Mike Hayes, Sega Europe president and COO, has said low sales that affected big names last year were down to "physically about the time you've got."
With publishers packing in so many big games close around it becomes difficult to find "enough time to actually play them all." Hayes warns there's likely to be less put out.
"This time around there's definitely an oversupply of good games in the market from publishers," he said, speaking with . "I think that was very evident in the UK at Christmas when you had fantastic games coming out and selling great in the first week, maybe two, and then falling off a cliff."
"We were fortunate, because we only had Football Manager and Mario & Sonic, so we weren't bringing out any new IP - but speaking to friends at other publishers, they have been saying they were disappointed with sales, they were being quite open about it."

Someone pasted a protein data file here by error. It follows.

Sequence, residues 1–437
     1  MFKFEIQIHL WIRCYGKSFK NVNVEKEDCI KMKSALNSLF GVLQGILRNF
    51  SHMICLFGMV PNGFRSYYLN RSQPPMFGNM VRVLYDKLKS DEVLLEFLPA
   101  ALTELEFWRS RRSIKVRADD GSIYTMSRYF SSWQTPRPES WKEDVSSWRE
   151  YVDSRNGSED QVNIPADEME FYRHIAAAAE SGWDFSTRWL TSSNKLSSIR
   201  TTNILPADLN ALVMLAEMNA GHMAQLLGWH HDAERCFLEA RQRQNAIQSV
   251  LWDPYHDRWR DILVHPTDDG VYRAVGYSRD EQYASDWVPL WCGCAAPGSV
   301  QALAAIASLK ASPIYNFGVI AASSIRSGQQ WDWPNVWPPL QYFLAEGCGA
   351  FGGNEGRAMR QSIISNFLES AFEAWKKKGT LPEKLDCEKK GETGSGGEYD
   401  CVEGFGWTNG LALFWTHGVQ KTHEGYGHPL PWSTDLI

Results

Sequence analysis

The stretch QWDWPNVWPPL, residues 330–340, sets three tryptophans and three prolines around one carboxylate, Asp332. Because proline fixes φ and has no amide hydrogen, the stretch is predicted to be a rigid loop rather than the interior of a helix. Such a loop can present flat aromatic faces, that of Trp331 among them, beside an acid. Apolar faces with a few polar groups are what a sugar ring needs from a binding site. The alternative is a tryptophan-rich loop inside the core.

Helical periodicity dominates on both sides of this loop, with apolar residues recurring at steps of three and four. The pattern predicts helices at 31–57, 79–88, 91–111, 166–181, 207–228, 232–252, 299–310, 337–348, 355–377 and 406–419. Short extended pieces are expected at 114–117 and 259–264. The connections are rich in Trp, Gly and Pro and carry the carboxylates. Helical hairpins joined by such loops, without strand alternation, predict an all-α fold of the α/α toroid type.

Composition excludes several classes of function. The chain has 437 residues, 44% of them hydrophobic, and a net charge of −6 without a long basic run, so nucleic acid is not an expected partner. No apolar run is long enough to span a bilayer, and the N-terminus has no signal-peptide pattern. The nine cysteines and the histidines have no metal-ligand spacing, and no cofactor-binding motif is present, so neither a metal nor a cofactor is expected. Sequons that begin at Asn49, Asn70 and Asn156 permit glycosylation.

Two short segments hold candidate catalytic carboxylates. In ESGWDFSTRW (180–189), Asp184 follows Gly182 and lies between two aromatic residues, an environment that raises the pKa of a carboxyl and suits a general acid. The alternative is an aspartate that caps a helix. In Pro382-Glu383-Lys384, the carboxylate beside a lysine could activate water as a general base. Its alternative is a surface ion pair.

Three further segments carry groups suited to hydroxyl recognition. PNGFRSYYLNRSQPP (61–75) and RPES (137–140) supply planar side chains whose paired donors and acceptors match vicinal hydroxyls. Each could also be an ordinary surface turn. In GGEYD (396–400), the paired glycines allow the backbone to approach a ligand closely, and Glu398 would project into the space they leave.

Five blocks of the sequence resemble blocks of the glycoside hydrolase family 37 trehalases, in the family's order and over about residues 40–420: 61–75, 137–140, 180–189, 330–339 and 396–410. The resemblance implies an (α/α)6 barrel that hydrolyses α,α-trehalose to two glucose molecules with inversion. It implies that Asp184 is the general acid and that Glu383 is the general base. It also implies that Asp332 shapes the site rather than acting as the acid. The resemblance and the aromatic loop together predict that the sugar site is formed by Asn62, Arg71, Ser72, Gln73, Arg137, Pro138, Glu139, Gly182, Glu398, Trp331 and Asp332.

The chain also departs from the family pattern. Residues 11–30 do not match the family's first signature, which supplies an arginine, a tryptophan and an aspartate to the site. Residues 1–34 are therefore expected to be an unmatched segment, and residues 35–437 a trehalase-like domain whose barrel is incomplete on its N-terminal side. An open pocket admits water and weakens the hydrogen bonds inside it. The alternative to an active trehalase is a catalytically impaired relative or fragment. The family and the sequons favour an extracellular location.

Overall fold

He cautions that if publishers do opt to reduce their line-ups to help strengthen what they are choosing to bring out then new IPs are going to suffer, less risk will be taken and sequels could see a rise.
"The downside is that I think that publishers in general will reduce the number of titles that they'll bring to market. Whether than means people will focus less on innovation and more on sequelisation of course is a big debate."
"What we're actually doing is getting rid of the bottom tier of titles that we were putting in to get an extra bit of market share, of money. We're getting rid of those, and we're going to focus on the biggest titles - but we do have a lot of new IP coming out. We've invested in things like MadWorld, for example, and we feel our line-up is good enough that we can take that," noted Hayes.
"But I think a lot of other publishers, and EA have been quite open on this, will stop a lot of projects and cut back. Ultimately I think the number will go down, which will probably be less good for consumers."
Any games you've snapped up during the release blitz only to realise you've barely adventured past the tutorial?